“I’d love to know the answer to that question, but there’s only one way to find out. There’d have to be a group of elite competitors who were exposed to good barbell training first. And that day isn’t right around the corner any time too soon. I don’t know what the stigma is that surrounds the barbell concerning climbers, but it’s pretty thick. I’m not sure what it’ll take to wake athletes up to the barbell’s efficiency when it comes to improving their primary sport’s training.

“It’s so basic and simple. Five full barbell movements performed competently and regularly during training cycles, and the athlete – any athlete – increases motor unit activity, creating greater strength, a better connection to the body, and consistent improvement. What athlete wouldn’t want to begin taking steps down that road? And the whole process can be described on this little diagram.”

The Map: An Introduction

The idea of the Map never went away. Each conversation after that initial one revealed something new about it. The Map is a simple series of circles with ever increasing diameters. They represent an athlete’s rate of adaptation. The closer an athlete is located to the center of the Map, the further he is from expressing his genetic potential, which means that the rate of adaptation will be faster. For example, as a beginner in any sport, an athlete’s location on the map would be adjacent to the sport, but within the center of the circle. Improving the ability at this sport radiates his position outward, towards the perimeter of the Map. Adaptation naturally slows down the closer an athlete gets to the Map’s perimeter. The outside edge of the Map – terminal adaptation – represents an individual’s genetic potential, i.e. the absolute limits of performance for that athlete.

The Map is inclusive of every living human being. The center of the Map is where we all come from. The center of the first ring represents something like “non-active lifestyle” for the majority of those encompassed here. This is where the growing bulk of humanity resides, those content with the things in life that do not challenge their body’s physical response to stress. The Map’s outer boundary represents the relatively few individuals who have fully tapped their genetic resources.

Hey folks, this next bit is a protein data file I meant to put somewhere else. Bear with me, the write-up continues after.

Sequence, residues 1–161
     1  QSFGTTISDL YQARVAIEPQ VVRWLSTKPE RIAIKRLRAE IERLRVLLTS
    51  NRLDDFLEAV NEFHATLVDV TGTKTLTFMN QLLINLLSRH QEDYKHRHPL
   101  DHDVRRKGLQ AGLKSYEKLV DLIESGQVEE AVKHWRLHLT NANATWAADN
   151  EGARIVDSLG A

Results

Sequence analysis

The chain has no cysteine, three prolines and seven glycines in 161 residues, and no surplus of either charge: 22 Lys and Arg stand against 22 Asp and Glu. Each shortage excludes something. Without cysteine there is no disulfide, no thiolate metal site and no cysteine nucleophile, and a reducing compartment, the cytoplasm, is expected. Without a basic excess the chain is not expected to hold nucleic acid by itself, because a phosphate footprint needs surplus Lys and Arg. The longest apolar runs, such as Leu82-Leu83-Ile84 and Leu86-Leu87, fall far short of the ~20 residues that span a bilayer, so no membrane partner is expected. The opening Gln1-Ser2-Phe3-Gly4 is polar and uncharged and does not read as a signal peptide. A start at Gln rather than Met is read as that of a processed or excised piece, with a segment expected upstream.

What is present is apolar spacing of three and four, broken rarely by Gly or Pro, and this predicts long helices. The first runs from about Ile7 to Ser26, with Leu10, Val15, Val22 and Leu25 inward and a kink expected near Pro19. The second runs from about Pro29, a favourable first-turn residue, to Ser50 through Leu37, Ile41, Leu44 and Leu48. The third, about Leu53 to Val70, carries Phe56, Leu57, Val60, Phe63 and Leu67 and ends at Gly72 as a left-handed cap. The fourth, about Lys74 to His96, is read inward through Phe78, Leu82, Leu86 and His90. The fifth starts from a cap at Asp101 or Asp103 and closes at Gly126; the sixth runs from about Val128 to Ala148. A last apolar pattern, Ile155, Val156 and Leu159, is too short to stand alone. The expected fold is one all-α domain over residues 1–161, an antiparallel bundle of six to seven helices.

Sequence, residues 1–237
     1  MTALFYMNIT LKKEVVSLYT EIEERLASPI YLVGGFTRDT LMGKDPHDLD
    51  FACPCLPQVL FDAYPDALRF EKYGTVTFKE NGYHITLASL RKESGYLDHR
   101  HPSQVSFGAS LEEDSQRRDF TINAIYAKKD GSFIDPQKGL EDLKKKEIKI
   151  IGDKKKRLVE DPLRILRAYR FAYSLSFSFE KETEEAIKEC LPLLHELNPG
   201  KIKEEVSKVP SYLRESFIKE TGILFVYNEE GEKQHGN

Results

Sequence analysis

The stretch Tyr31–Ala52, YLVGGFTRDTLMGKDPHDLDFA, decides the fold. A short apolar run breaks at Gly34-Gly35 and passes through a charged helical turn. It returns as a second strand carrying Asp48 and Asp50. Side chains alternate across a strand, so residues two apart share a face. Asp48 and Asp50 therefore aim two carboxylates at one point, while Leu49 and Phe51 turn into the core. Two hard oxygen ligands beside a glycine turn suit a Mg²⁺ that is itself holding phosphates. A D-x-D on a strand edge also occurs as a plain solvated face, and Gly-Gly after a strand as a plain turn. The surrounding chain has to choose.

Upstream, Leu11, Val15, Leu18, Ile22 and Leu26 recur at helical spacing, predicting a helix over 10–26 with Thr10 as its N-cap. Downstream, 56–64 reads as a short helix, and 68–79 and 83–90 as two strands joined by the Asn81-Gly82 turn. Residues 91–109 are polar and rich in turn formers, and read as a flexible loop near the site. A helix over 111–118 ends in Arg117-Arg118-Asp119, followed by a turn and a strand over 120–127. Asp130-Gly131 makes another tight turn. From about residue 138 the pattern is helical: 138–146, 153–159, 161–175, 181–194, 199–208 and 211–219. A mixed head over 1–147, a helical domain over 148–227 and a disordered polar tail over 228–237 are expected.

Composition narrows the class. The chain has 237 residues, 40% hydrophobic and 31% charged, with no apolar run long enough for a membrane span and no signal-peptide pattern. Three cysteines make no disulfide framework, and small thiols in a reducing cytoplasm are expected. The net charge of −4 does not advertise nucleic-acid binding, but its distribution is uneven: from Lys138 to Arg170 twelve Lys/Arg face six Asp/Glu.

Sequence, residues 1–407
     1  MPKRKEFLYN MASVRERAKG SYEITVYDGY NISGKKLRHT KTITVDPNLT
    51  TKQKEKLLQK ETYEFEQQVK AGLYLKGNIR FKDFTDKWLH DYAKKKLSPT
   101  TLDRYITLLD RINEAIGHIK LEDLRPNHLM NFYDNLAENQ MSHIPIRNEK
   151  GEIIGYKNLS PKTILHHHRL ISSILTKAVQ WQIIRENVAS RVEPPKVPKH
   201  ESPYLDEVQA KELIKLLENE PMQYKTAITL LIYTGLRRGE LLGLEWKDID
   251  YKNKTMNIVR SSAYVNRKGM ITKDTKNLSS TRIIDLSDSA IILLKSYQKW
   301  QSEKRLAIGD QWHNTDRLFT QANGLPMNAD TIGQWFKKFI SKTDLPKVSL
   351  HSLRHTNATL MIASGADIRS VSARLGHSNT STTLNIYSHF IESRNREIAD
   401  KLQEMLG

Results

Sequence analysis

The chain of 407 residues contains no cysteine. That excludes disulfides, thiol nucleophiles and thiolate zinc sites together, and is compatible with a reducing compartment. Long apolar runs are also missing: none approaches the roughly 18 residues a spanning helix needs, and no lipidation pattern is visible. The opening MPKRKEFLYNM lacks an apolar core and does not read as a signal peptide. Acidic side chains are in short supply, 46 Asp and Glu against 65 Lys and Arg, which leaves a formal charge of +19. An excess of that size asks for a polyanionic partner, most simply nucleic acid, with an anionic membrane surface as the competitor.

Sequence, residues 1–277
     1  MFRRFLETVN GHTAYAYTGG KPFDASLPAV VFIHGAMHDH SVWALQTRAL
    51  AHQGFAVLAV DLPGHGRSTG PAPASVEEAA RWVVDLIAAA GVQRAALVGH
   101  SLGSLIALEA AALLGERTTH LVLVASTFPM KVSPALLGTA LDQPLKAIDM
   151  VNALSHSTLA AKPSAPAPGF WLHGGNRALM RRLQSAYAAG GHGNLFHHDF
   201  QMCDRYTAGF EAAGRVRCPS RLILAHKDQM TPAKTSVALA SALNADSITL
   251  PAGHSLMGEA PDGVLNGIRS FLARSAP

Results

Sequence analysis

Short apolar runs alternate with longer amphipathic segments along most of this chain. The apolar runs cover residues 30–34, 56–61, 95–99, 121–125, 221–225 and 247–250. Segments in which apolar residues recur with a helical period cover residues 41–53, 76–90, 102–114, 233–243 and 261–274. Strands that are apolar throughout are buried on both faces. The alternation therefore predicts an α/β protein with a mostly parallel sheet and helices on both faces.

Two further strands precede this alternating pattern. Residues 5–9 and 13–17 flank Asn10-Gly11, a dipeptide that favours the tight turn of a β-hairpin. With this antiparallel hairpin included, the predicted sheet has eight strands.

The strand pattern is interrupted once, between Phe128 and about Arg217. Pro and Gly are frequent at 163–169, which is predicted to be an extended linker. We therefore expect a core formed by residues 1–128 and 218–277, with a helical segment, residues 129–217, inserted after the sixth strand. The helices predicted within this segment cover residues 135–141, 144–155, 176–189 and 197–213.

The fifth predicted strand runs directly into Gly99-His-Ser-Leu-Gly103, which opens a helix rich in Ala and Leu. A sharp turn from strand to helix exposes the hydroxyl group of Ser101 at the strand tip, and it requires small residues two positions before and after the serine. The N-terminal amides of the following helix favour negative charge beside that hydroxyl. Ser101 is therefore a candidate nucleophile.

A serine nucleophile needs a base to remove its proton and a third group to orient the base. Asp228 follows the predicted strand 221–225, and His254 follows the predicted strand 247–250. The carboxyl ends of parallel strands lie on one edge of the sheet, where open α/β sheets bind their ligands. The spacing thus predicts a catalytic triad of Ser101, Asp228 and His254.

From the originating center circle, the rings increase in diameter and thin in width. “Stress” for so many in our culture is perceptive stress (overwork, mental stress, emotional stress, etc.), which then results in health issues. Stress is essential, because it causes adaptation, one of the hallmarks of life. Without it, we’re nothing. Whether the nature of the stress is real or perceived, the body is in a perpetual state of reorienting and responding to that stimulus. So it’s ironic that ‘health issues’ from perceptive stress are exacerbated when there is little or no exposure to physical stress.   The labels outside the perimeter of the Map are examples of various sports. They are oriented in two ways, north to south and east to west. The north/south gradient represents the way energy is supplied to the body while actively engaged in a sport. Northern sports have rapid, explosive energy demands on the system, while southern sports have slower energy demands. Energy demand is calculated “in the moment” – the more energy required to perform the sport in the moment of highest intensity typical of its performance, the farther north it is on the Map. Conversely, the less energy required in any particular moment orients the sport further to the south.

This corresponds with how the body replenishes energy to the available pool of ATP (ATP is the basis of all muscular contraction, even breathing). Huge amounts of available ATP are used up rapidly in northern sports, the by-product being ADP, which is resynthesized back into ATP by breaking down creatine phosphate. This chemical system is called ATP-CP. Weightlifting, powerlifting, gymnastics, strongman, and throwing events are examples of sports that rely on a highly developed ATP-CP pathway. 

Multiple pathways are working at the same time in these northern regions. One pathway does not shut down as another takes over. The Map does its best to represent this with a gradient effect. The aerobic system is always running, as is the glycolytic system, even as the ATP-CP ramps up with sudden and high demands on energy.

When energy demands continue to run high and the short lived ATP-CP system has run its course, the body begins to rely on glycolysis to continue ATP production. Track events lasting longer than 20 seconds quickly fall into this pathway. ATP-CP and glycolysis also fuel both sudden and sustained efforts on the football field and wrestling mat, which employs these higher energy pathways too. 

All the while – before, during and after these higher energy systems have run their course – the aerobic system is busy supplying its quiet, steady stream of ATP. Stored bodyfat is mobilized and processed to produce ATP in the lower energy aerobic pathway; beta-oxidation is dependent upon the availability of oxygen for the chemical reaction. This is the default energy pathway of our existence, and the primary consumer of the Breath of Life – as long as you supply oxygen, beta-oxidation can supply most of your ATP. It’s when the energy demand is great that the higher-energy pathways take over. The aerobic pathway functions as our recovery system from higher energy outputs during a period of rest. It’s also an athlete’s fall back when high energy output cannot be sustained any longer. It’s almost visible as a runner settles into a slower cadence during a mile run, or painfully noticeable as a fighter goes into “survival mode” at the end of a lost fight.